We got in sixty liters of Tipo Pils. As staunch readers of this digest you’ll all be on the remembering that I’m a very large fan of the Pilsner style of beer. As a former brewer (which, according to the BJCP makes me “always a brewer”) one of the most informative and relevant experiences that I had was my visit to Eastern Europe and the oversaturation that I gave myself of the style. Well, this is a really good Pilsner. Not that the Pilsners that we normally have aren’t worthy of mention; right now we have Lost Nation’s Vermont Pilsner, which is on the same hand when I’m counting with my fingers about my favorite Pilsners I’ve had the opportunity to try. It’s more the manner in which we receive the Tipo that sets it apart. You see, some of our beer is really local; if we wanted to (and if the Government would let us (HI GUYS!!!)) we could probably just drive to the brewery of your choice, watch them take the beer out of large tanks into smaller vessels and then be on our merry way(s). But we can’t do that with a brewery that’s in Italy. So here’s how they do it: the brewery (in Italy, the one that makes TipoPils) transfers their beer into these very large vessels some could call them tanks) that are all temperature controlled and pressure regulated. They are then put on a ship and that ship sails (not really, probably no sails on that ship) across the pond and to a long off land called “Connecticut.” Once it lands in that far off place the beer is then placed into sanitized kegs and then shipped to us and then we make it available for you. However, some times the trained folks in that far off land will manipulate (in a good way, like in the way that will further enhance the product in a good way) the beer just prior to the “keg” stage. In this case the TipoPils that arrived was dry hopped with fresh hops directly to the tank before the aforementioned “keg” stage. So, we have TipoPils, dry hopped. It’ll go on as soon as the very perfect timing has been achieved so that you’ll love us even more. That beer has come a long way, baby, and we’ll be sure to treat it as such.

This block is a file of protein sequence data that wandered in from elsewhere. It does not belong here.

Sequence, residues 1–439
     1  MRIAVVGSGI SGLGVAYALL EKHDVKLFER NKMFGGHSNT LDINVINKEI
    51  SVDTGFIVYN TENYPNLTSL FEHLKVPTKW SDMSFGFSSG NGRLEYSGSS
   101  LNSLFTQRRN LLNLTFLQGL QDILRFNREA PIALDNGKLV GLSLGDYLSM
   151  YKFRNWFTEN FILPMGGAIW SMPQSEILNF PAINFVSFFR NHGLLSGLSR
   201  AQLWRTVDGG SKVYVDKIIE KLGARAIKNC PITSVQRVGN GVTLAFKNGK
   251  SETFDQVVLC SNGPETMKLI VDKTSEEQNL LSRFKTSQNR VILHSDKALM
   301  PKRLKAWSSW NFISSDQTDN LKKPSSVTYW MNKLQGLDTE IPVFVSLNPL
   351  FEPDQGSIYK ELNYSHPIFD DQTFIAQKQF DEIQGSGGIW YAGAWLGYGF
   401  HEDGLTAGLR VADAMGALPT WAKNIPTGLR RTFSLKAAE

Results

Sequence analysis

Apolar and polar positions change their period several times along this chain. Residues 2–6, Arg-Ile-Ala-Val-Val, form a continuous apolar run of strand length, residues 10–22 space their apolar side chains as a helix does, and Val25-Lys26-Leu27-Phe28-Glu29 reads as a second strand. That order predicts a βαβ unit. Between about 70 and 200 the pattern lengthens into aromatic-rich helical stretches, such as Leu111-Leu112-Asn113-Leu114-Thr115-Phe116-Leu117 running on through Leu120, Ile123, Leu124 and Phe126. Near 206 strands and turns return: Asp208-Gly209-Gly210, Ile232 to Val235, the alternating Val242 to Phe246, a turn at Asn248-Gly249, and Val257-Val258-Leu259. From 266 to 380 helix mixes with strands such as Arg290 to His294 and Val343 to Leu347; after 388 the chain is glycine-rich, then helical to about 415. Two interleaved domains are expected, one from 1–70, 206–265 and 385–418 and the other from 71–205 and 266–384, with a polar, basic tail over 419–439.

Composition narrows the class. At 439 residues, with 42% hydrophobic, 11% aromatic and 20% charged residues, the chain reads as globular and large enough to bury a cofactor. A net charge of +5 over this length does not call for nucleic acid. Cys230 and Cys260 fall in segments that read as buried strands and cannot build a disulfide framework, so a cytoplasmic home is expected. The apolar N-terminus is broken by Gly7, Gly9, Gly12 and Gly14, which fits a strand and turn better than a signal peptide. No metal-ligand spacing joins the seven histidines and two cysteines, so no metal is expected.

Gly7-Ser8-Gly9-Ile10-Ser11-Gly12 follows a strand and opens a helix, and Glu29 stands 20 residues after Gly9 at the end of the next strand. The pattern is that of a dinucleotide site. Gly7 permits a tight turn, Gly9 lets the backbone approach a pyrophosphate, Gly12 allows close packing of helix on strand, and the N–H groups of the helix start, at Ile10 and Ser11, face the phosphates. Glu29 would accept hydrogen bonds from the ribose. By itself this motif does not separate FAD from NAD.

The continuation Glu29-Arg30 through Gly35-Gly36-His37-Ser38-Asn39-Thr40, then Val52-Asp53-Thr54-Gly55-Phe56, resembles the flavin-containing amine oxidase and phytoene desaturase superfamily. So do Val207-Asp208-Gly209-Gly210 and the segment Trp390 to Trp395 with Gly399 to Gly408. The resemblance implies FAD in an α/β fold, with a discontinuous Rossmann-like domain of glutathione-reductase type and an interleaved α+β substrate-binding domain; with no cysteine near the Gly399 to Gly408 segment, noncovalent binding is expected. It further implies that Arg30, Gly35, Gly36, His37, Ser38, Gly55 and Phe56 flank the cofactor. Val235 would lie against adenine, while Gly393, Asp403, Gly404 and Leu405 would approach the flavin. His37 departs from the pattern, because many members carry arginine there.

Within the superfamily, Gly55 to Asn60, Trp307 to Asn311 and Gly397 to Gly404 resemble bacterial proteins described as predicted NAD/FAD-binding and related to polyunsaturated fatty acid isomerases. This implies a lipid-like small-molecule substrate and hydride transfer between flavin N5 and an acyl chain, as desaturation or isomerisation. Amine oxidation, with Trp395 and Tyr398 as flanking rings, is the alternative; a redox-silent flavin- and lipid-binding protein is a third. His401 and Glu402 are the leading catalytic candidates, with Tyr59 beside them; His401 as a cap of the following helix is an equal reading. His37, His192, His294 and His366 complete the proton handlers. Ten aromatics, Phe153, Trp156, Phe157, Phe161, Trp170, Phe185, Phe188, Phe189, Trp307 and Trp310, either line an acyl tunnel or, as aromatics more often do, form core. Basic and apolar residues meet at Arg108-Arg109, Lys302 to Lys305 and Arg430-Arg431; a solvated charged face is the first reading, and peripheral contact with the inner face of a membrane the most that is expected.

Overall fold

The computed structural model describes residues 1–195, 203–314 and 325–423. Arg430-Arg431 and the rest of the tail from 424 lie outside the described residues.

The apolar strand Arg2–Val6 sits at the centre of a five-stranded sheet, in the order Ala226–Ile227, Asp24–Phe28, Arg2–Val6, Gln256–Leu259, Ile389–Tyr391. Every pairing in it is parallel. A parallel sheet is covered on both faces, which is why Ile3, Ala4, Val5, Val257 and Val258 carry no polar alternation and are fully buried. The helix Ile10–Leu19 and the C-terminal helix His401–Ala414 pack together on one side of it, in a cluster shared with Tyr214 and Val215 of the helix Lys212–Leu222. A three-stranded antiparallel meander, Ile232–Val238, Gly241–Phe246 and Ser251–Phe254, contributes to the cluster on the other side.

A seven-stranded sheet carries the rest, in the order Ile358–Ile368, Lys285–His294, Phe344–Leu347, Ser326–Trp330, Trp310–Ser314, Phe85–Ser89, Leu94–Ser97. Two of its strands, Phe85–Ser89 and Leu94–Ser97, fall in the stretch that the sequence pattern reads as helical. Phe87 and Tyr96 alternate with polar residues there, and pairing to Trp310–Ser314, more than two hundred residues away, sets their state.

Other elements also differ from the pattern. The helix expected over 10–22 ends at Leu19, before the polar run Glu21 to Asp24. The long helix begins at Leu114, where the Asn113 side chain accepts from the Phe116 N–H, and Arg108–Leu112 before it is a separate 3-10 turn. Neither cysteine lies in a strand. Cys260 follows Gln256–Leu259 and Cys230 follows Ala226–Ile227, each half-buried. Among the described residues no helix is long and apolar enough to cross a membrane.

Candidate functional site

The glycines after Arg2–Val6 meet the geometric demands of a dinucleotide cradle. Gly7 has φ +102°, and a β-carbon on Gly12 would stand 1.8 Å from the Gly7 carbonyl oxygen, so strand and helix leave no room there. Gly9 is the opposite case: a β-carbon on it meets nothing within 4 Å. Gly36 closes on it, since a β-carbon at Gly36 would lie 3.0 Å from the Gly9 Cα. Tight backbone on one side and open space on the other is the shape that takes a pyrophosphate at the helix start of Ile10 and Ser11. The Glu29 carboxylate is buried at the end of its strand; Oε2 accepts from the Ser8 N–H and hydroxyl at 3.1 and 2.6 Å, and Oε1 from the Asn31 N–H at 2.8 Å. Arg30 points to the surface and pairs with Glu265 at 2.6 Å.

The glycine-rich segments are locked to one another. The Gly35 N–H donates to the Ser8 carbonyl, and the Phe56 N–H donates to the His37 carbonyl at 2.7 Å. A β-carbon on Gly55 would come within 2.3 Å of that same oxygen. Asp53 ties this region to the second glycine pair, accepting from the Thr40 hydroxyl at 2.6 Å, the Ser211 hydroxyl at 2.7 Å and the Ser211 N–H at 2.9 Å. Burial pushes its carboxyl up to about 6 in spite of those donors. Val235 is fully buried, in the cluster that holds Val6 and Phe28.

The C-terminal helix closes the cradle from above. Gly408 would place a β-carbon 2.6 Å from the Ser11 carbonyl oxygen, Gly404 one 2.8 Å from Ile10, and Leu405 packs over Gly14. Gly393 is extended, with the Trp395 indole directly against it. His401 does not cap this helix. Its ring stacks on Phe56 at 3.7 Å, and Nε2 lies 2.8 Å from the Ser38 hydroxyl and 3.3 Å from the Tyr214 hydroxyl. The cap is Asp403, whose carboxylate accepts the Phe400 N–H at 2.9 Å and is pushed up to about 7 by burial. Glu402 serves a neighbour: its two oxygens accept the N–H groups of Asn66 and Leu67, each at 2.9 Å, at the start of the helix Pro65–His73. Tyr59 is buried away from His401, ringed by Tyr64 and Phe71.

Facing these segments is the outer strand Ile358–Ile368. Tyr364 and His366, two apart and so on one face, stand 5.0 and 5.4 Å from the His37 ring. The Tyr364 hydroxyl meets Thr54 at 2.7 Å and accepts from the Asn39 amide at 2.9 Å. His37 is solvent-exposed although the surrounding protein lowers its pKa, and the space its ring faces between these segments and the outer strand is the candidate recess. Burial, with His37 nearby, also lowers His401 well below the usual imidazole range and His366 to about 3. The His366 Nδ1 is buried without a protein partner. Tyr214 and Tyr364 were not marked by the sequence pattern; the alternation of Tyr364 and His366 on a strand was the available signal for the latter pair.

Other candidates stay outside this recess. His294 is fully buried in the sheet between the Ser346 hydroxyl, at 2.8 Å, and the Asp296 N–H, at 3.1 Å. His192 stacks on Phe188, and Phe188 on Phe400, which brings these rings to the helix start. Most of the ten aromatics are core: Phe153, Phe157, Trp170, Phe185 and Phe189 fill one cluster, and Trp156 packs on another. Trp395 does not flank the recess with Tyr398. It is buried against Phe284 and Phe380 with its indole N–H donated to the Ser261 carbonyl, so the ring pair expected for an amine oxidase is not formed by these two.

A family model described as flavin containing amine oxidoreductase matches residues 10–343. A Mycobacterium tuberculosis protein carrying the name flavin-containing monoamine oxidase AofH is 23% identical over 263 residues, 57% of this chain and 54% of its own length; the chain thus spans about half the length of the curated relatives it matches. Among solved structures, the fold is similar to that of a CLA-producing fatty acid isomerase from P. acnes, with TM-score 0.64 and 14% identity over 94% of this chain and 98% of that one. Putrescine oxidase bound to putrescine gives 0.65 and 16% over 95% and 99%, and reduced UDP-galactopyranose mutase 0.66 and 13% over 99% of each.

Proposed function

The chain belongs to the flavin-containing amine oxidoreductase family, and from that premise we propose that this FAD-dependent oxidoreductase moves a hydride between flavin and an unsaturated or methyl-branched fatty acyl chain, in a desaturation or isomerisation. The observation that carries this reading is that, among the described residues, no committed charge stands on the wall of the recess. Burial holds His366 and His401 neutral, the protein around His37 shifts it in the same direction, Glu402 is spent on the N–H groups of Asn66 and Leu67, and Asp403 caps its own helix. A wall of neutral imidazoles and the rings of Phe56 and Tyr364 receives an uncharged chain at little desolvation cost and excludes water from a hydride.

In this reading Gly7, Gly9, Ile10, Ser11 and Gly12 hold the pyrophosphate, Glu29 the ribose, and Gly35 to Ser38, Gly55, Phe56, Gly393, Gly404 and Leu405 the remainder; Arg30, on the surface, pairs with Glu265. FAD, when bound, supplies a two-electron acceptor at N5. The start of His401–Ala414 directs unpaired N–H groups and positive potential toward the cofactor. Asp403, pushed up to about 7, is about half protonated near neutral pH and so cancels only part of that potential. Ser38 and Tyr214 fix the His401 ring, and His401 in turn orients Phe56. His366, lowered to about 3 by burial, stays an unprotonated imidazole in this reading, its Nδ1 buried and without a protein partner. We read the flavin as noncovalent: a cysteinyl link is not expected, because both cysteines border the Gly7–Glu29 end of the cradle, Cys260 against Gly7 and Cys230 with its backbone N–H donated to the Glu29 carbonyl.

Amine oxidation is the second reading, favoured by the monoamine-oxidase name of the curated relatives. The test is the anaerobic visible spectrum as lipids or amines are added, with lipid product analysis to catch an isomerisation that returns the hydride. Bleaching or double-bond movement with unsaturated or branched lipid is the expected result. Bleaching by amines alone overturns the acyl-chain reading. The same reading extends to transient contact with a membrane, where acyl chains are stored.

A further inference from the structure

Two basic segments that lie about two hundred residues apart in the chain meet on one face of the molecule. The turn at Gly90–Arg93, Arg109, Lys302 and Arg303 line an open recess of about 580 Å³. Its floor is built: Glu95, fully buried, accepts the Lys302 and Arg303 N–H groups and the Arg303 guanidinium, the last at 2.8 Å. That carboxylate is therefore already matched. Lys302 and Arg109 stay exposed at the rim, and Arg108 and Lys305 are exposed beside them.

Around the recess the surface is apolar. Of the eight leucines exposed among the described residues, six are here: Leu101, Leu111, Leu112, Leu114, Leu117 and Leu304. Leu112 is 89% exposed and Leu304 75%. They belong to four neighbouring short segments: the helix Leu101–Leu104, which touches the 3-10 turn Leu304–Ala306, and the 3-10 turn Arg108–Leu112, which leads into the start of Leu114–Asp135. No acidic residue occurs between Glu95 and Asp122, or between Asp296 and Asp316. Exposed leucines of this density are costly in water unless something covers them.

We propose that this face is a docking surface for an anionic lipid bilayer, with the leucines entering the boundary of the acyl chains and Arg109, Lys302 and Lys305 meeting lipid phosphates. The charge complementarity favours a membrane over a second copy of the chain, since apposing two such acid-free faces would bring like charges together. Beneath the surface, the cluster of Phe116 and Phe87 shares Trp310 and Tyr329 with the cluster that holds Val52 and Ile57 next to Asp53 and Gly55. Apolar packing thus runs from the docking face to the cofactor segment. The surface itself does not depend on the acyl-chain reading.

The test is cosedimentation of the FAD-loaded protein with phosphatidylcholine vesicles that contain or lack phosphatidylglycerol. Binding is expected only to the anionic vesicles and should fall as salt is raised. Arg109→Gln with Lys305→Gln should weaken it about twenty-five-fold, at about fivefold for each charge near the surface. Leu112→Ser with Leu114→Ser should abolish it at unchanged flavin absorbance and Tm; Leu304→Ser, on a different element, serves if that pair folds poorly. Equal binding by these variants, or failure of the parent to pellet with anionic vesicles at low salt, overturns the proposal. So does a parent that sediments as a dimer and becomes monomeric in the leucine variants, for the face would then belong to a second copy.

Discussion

Some of the other beers that you may or may not see (depending on how fast your jet pack is) on our taplines include but are not limited to the following:

 

  • Schilling Konundrum: firstly, you should know that the word “tart” should be placed in the description of this beer because you will also see the words “pale” and “ale” in there and I’d hate for you to judge this as a standard Pale Ale and then be all like, “this is bad, send it back” because it’s supposed to be tart. It’s been soured with resident bugs. It’s lovely.
  • Hill Farmstead Everett is within the walls and always worth mentioning because it’s a phenomenal American Porter. I’ve been trying to work the word “eponymous” into conversation lately, just to let you know.
  • Zero Gravity Omnibus is sure to please as it’s a 7.5% ABV American IPA with a whole bunch of hops (Simcoe/Zeus/Centennial) in it that you like because we made you like them with their likeability.
  • You can stop asking for Smuttynose’s Finest Kind as well since it’ll be on soon and then you can stop asking.
  • Farnum Hill Dooryard Cider is also on right now and will be a hearty temptress. It’s a naturally carbonated and fermented cider from New Hampshire and if there’s one thing in life that I like more than most other things it’s natural fermentation.

 

Well, that should just about do it for our time this week folks.

 

 

Don’t forget your shoes.

 

 

Cheers,

 

 

Secondseasonisalmostuponus Taproom